Pay me, why no one wants to work…

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    You hear employers lamenting constantly that “no one wants to work.”  Is that actually true?

    On the surface, it appears to be the case, with “Help Wanted” signs covering the windows at every fast-food franchise, retail outlet, and traditional restaurant. You notice them in other places as well, most often in school districts, and hospitals.


    Where you don’t see them is in high-paying positions, with excellent benefits, even if it’s in a competitive industry. Why is that?

    Are the young people of today lazy, unmotivated, and content to live in their parents’ basement for the rest of their lives? The talking heads of conservative news spread that image with conviction, but no, it does not reflect reality, as most of their rhetoric fails to do. It’s overblown, overstated, and not the case at all.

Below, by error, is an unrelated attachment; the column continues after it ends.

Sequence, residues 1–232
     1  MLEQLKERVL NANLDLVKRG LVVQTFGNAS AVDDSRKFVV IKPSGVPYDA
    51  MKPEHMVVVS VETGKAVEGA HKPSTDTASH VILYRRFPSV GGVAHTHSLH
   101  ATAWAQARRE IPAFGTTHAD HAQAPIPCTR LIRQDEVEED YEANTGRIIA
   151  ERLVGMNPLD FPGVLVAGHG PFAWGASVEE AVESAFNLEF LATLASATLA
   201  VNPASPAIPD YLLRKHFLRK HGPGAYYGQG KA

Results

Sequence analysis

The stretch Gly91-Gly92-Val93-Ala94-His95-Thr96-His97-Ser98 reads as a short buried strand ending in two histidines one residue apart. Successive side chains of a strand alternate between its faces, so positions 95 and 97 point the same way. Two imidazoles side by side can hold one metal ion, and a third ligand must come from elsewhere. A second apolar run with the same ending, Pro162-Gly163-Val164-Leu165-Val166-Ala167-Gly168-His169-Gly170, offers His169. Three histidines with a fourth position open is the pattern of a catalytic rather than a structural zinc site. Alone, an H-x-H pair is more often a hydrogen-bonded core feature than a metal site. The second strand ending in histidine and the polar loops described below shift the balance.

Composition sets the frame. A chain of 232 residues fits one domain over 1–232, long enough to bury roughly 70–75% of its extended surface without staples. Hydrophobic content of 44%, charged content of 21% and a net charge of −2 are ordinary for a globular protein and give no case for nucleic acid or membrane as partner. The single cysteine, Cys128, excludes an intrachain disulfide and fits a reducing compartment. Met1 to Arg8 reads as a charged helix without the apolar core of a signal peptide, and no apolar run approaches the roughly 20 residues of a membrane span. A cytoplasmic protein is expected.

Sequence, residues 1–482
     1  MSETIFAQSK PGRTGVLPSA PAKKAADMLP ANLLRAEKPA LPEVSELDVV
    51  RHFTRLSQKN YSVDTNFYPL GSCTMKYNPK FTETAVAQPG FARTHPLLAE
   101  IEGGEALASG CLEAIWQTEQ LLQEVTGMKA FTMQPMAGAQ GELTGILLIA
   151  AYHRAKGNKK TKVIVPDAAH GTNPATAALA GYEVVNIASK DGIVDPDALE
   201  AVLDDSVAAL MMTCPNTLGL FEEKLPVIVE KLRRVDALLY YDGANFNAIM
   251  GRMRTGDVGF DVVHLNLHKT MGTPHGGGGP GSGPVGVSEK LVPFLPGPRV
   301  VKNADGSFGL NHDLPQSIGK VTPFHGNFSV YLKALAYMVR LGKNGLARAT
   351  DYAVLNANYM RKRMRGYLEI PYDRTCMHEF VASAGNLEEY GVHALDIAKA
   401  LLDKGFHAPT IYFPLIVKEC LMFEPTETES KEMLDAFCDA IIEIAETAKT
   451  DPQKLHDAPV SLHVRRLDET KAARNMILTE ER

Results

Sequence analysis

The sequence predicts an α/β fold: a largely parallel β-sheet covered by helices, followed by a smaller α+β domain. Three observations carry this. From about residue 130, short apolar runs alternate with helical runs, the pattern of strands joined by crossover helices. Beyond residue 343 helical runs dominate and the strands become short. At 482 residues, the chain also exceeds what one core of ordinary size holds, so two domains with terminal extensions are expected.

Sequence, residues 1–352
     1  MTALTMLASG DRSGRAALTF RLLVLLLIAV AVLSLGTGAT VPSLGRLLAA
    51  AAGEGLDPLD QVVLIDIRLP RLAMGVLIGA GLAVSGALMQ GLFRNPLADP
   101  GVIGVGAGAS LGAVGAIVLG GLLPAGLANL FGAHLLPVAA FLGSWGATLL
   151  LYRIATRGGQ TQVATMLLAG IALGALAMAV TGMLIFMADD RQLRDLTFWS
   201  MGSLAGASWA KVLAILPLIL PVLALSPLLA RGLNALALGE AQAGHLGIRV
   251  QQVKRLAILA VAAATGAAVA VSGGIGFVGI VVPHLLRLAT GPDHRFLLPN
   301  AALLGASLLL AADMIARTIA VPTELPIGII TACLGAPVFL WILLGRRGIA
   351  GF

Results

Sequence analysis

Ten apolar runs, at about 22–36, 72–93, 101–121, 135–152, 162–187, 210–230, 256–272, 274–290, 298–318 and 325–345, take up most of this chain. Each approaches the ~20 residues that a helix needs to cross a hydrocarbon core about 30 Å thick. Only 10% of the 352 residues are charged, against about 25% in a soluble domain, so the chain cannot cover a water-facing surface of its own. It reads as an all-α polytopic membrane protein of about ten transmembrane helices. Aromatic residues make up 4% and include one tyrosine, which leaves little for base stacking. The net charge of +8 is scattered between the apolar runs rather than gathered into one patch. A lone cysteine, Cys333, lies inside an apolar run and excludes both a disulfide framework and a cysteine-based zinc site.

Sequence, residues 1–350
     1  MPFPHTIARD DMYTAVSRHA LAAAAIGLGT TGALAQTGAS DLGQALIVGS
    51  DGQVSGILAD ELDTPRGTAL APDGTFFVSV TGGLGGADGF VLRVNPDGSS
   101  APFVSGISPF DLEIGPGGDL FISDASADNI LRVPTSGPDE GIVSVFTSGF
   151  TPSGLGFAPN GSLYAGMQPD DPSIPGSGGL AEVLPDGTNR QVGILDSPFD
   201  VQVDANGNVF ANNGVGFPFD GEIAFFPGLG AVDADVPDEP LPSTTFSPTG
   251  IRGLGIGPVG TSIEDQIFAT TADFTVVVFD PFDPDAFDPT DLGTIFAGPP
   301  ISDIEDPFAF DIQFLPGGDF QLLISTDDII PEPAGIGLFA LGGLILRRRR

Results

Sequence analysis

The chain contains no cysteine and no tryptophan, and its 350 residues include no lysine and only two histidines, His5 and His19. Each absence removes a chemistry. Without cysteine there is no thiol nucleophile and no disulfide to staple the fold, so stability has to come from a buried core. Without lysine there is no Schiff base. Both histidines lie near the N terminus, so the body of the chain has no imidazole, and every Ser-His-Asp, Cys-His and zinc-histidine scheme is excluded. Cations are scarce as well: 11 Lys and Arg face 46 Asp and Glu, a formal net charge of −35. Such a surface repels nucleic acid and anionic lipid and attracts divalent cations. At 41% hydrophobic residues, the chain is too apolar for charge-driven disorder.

Businesses that thrive pay their employees well. They offer benefits, including retirement, vacation, and medical insurance, and they have waiting lists of prospective hires waiting for an opening.

    When you expect skilled, competent labor, but pay minimum wage, you’ll always have a shortage of employees.


    The free-market system that Americans profess to believe in works both ways. (except for retail gasoline and diesel suppliers who maintain high prices no matter the market) If supply is high, prices and wages are low. If supply is short, prices rise, and wages follow. At least that’s how it worked until recently.

    Short supply still means higher prices, and a shortage of skilled workers means a higher starting salary, at least in theory.

    At present, there are 1.2 million teaching vacancies in the United States. The nursing shortage isn’t as drastic, but a quarter of the nation’s 5,000,000 nurses will retire in the next five years. Currently, there are approximately 200,000 nursing vacancies each year.